Movie of your choice: Motherless Brooklyn or 1917 or Emma

The force is with you for this movie. Vote at one of our January screenings or on social media. You can choose between a Film noir detective thriller, a rousing world war drama or a bizarre historic comedy.


Birds of Prey

Action // 109 Min. // »Harley Quinn’s wild ride is fierce and fun as hell.« (Screen Rant)  MIND OVER MAYHEM. After her breakup with the Joker, Harley Quinn joins forces with singer Black Canary, assassin Huntress, and police detective Renee Montoya to help a young girl named Cassandra, who had a hit placed on her after she stole a rare diamond from crime lord Roman Sionis. Birds of Prey tells a story of emancipation, not only of Harley Quinn from her relationship with Joker, but with the film itself being a liberation from male-led and male-created superhero comic book movies. With a wicked sense of humor and exhilarating action, Birds of Prey is fierce, fun and a total blast –­­­ and an empowering girl power superhero romp.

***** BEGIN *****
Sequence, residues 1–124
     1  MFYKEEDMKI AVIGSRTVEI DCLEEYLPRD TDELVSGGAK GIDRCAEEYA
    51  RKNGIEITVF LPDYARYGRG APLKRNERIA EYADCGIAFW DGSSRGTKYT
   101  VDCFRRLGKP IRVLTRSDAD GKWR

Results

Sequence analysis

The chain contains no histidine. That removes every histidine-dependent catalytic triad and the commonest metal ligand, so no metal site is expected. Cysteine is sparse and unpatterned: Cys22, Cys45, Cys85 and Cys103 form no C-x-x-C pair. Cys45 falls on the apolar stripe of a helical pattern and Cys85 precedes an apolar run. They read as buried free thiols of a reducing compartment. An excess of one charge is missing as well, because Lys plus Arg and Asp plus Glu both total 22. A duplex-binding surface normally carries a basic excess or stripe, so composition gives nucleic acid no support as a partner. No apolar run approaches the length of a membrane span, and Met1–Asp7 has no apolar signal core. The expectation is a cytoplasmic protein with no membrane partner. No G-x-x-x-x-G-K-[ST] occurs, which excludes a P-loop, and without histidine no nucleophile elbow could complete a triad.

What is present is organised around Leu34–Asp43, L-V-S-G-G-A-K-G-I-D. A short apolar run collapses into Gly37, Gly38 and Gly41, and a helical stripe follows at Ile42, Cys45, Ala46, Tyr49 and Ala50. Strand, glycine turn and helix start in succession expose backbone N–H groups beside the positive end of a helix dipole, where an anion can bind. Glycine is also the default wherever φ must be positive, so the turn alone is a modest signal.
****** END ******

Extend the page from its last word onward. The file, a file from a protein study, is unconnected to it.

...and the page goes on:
Knives Out

Comedy // 131 Min. // »Knives Out is a modern whodunnit in the tradition of Agatha Christie.« (The Wall Street Journal) HELL, ANY OF THEM COULD HAVE DONE IT. When renowned crime novelist Harlan Thrombey is found dead at his estate just after his 85th birthday, the inquisitive and debonair Detective Benoit Blanc is mysteriously enlisted to investigate. From Harlan’s dysfunctional family to his devoted staff, Blanc sifts through a web of red-herrings and self-serving lies to uncover the truth behind Harlan’s untimely death. Rian Johnson crafted an entertainment that’s as smart, witty, stylish and exhilarating as anyone could wish for. Best advice: See it twice! Once to play the game, to track the clues, discard the red-herrings and to read between the lines. Then see it again to see how cleverly all the pieces fit together.